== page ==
of sound mind, did not answer.
...for what he sought to learn was whether Nancy Hempstead knew of his presence.
Sophronia, absorbed in puttering, did not answer. He asked the question again.
“She has already told,” replied Sophronia, slowly, bringing her attention to the subject with some difficulty.
ex Chapter 12, “Sophronia” in The Age of Independence, 1763-1783 (1912) : 214 : link
same (NYPL copy) via hathitrust : link
being volume 9 of
Edwin Markham, ed., The Real America in romance : an authentic history of America from the discovery to the present day profusely illustrated with portraits of historical characters and views of the sacred and memorable places of our native land (1909-27)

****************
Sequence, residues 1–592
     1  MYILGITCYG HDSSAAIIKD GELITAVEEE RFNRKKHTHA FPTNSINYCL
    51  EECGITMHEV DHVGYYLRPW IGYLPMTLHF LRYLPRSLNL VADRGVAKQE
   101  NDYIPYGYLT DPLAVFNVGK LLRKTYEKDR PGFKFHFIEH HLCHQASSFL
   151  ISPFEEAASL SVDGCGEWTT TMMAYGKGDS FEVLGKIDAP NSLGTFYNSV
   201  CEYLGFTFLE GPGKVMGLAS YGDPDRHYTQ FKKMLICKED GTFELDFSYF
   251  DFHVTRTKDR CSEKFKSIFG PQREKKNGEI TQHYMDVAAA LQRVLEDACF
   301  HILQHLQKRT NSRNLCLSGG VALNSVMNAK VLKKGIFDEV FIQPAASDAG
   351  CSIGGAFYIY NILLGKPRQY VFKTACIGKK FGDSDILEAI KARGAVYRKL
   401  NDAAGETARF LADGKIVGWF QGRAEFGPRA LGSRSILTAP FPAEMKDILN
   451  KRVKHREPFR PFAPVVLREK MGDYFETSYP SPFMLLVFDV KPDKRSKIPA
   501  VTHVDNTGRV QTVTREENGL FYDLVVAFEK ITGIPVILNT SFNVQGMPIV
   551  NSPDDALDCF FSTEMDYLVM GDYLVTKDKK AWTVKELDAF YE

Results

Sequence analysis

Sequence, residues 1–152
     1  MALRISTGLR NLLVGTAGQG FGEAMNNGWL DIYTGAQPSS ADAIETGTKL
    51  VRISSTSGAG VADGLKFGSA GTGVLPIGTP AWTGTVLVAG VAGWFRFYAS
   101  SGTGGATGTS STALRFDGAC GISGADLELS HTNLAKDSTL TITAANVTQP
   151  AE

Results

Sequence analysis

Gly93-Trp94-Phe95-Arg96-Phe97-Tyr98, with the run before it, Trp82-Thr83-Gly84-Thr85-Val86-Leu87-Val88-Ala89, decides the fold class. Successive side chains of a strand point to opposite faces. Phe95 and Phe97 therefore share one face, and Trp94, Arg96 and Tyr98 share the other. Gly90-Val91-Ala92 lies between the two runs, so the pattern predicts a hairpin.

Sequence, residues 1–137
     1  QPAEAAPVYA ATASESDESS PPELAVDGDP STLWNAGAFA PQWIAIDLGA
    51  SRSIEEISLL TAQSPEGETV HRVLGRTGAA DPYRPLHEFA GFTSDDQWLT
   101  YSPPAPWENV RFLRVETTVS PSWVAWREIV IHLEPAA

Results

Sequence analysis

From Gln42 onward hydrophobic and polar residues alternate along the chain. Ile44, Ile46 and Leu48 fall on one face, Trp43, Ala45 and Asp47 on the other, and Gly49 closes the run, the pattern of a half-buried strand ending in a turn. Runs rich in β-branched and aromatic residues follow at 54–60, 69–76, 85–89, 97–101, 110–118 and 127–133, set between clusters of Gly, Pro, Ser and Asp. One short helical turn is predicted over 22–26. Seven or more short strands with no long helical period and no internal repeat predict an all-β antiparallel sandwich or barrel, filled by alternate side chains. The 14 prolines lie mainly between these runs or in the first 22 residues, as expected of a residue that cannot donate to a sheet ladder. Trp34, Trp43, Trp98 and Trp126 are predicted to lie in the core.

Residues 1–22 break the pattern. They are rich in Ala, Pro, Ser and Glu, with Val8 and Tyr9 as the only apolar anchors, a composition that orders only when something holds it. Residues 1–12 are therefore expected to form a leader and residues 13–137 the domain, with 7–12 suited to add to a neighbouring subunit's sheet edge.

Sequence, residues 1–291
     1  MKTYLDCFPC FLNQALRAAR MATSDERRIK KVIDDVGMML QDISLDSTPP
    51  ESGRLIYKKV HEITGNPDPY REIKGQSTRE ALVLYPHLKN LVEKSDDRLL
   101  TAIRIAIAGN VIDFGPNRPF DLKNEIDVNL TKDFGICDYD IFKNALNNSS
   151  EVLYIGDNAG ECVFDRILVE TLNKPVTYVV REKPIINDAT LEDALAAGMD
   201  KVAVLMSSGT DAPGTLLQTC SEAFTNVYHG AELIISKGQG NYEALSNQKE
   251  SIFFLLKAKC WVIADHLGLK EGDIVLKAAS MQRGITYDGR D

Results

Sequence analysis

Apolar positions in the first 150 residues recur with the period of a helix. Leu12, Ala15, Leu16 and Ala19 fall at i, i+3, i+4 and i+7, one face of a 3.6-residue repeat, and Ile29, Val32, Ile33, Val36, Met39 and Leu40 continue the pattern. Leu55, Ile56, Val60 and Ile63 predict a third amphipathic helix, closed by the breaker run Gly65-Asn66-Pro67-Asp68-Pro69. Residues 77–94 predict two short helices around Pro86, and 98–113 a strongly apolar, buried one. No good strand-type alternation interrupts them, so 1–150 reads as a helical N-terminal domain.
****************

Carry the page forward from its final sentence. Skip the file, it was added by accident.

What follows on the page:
15 vols (at LC), first 11 via hathitrust : link
Edwin Markham (1852-1940), poet, educator, literary editor, &c., &c.
wikipedia : link
fem. proper name, from Greek sōphrōnia, from sōphrōn (genitive sōphrōnos) “discreet, prudent, sensible, having control over sensual desires, moderate, chaste,” etymologically “of sound mind,” from sōs “safe, sound, whole,” which is of unknown origin, + phrēn “heart, mind”
ex Online Etymology Dictionary : link